Jonathan India Beaned in the Head, Reds Warned
The baseball world ducked tragedy on Sunday, April 25, 2021, when the Cardinals hosted the Reds at Busch Stadium in St. Louis. Cardinals starter, Jack Flaherty was dotting the edges of the zone all day until he tossed a high hard one that struck Reds rookie infielder, Jonathan India, just above the left earflap. India went down and we held our breath.
It looked bad, real bad. But we all could breathe again when India arose from dust to stare down the Cardinals pitcher. Somehow, he stayed in the game. Naturally, chirping and yelling immediately came from the Reds dugout.
What happened next is what hit batters and MLB are all about in 2021.
The umpires convened a four-man meeting and decided to issue an official warning to both teams. All of the umpires agreed that it was not intentional, but the Reds and Cardinals have had their issues over the last few years. Most recently it was a bench clearing incident just a few weeks ago, when Nick Castellanos flexed his Miami Beach bouncer biceps while hovering over St. Louis reliever, Jake Woodford, after a play at home plate. The “flex” cost Castellanos two games and left most Reds fans wondering why Yadier Molina wasn’t also sent to the penalty box.
The umpires, led by crew chief, Joe West, had no choice. Major League Baseball has issued guidance to its umpires this year: the intentional hit by pitch will no longer be tolerated.
So, the first thing Joe West and company had to determine was intent. They witnessed Jack Flaherty’s reaction – bent at the waist, face in hand – and immediately concluded that it was not intentional. Good call to which we all agree.
If it was deemed intentional, the call to eject Flaherty would have been obvious. The umpires would have invoked OBR 6.02(c)(9):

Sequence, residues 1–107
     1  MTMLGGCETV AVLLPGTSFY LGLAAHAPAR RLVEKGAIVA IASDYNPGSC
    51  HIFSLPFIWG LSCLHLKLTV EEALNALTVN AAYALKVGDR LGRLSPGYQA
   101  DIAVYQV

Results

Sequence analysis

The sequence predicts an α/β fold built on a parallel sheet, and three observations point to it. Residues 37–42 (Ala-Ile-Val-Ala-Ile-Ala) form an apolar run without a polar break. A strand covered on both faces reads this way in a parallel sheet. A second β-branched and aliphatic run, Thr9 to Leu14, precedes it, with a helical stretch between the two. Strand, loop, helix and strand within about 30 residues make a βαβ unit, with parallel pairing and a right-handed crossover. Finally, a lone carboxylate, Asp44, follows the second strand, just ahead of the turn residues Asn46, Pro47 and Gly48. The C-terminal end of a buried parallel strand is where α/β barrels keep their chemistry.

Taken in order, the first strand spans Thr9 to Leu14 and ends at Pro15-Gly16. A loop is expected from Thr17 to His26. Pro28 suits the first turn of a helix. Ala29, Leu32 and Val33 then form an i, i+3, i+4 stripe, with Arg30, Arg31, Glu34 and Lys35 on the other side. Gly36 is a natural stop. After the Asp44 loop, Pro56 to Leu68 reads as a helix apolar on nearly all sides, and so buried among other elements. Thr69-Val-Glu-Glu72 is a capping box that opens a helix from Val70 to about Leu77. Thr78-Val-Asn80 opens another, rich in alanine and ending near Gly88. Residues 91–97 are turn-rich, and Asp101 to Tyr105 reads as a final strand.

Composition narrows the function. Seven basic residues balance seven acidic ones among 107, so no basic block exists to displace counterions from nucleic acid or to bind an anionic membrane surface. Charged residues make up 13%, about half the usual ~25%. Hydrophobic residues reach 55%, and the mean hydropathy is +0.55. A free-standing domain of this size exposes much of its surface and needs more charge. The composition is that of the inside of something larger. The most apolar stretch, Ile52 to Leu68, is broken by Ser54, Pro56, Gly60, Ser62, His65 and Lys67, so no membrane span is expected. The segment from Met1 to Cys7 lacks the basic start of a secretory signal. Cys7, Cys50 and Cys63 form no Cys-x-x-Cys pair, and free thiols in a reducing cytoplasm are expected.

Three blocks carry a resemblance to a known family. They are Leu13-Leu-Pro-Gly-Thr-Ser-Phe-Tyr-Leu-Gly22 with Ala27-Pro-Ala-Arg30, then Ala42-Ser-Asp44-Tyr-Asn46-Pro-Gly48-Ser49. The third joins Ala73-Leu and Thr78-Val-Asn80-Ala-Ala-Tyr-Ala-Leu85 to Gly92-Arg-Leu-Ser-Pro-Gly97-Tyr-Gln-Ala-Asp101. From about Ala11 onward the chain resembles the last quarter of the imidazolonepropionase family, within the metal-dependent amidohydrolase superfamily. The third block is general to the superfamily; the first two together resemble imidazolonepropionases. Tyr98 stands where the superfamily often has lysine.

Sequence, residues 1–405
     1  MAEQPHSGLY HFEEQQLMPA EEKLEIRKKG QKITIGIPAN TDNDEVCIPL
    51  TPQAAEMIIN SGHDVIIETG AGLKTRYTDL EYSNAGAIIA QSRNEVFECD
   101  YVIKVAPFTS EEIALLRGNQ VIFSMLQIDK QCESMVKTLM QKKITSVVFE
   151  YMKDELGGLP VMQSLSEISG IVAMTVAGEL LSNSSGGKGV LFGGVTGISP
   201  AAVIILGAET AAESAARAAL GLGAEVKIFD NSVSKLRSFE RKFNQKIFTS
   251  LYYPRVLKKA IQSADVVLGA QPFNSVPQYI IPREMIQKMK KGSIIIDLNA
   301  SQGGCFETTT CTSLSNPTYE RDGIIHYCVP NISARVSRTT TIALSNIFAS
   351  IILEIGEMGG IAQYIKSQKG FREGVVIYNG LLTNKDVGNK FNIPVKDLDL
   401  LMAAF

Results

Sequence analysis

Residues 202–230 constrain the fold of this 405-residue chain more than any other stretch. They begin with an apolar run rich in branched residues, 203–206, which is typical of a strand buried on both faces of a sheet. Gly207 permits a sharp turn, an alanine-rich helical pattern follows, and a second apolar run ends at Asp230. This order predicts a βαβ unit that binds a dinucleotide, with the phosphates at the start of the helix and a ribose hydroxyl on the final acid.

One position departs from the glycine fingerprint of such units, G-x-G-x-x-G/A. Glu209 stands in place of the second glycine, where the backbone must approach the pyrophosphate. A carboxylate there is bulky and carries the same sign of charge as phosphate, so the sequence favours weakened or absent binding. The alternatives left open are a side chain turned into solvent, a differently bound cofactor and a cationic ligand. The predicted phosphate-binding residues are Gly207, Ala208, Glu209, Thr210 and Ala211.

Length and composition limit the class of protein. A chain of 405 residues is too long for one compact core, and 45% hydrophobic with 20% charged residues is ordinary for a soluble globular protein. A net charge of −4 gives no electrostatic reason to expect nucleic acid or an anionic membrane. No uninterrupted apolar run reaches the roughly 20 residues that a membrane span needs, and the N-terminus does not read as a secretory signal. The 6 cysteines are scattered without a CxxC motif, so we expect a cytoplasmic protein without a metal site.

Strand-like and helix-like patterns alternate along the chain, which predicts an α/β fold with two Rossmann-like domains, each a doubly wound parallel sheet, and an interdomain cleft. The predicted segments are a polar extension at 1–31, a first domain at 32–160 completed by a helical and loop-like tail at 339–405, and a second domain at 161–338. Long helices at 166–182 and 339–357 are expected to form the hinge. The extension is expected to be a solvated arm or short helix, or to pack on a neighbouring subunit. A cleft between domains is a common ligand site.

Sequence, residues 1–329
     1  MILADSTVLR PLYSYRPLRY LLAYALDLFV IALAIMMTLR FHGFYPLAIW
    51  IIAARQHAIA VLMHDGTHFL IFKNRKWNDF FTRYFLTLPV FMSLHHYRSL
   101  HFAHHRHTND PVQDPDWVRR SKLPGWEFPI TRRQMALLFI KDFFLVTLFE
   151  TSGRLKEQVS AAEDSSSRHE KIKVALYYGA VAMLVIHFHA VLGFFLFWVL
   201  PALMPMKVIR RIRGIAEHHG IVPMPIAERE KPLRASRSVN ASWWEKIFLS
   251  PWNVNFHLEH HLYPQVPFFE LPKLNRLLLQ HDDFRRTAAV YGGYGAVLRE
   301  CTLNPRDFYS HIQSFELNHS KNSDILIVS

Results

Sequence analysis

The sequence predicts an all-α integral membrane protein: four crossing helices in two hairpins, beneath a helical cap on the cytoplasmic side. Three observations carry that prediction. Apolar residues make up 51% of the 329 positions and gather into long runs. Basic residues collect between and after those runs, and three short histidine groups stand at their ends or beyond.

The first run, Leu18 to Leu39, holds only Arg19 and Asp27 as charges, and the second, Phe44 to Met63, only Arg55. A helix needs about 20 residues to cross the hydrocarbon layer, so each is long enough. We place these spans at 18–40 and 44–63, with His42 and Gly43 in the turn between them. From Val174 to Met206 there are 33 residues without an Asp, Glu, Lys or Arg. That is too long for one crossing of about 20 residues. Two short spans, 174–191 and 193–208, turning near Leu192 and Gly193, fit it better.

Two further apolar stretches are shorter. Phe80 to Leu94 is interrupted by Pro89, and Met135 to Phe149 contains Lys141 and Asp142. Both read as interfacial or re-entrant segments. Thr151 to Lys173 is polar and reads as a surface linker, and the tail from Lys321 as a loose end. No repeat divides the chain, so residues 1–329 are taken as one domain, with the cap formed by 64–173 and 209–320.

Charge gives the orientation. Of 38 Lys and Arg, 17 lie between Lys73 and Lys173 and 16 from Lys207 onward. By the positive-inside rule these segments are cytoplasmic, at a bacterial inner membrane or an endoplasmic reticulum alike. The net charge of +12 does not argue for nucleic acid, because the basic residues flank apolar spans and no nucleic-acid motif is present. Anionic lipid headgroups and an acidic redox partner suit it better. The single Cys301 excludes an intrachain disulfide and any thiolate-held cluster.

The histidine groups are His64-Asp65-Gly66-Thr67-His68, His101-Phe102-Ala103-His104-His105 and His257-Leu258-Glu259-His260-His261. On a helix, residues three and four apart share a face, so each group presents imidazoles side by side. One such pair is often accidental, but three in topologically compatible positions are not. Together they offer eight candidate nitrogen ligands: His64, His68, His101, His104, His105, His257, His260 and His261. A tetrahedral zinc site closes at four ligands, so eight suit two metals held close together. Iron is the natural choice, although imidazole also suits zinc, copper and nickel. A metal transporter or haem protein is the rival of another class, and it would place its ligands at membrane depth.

(c) Pitching Prohibitions
The pitcher shall not:
(9) Intentionally Pitch at the Batter.
(1) If, in the umpire’s judgment, such a violation occurs, the umpire may elect either to:
(A) Expel the pitcher, or the manager and the pitcher, from the game, or
(B) may warn the pitcher and the manager of both teams that another such pitch will result in the immediate expulsion of that pitcher (or a replacement) and the manager. If, in the umpire’s judgment, circumstances warrant, both teams may be officially “warned” prior to the game or at any time during the game.
The 2021 Umpire’s Manual addresses the intentional pitch being thrown at a batter:
- WARNINGS AFTER IMMEDIATE EJECTION OF PITCHER Rule 6.02(c)(9):
If the first instance of an intentional pitch being thrown at a batter in a game results in a pitcher being immediately ejected, the umpire shall issue a warning to both managers that subsequent violations in that game will result in ejection of the pitcher and manager. Each subsequent pitcher should be warned as he enters the game.
But since the pitch was deemed not intentional, the umpires were not obligated to give an official warning to both teams. However, every umpire crew receives a “heads up” memo at the beginning of the series about teams and underlying issues between them. So, Joe West and crew knew all about the Reds Cards bad blood and their history of hit batters, brawls and bench clearing incidents. The umpire crew decided that there would be no opportunity for retaliation because that is the new guidance issued in the Umpire Manual: Rule 6.02(c) (9) does not give the umpires the discretion to allow the opposing pitcher an opportunity to retaliate in kind before the warning or ejection.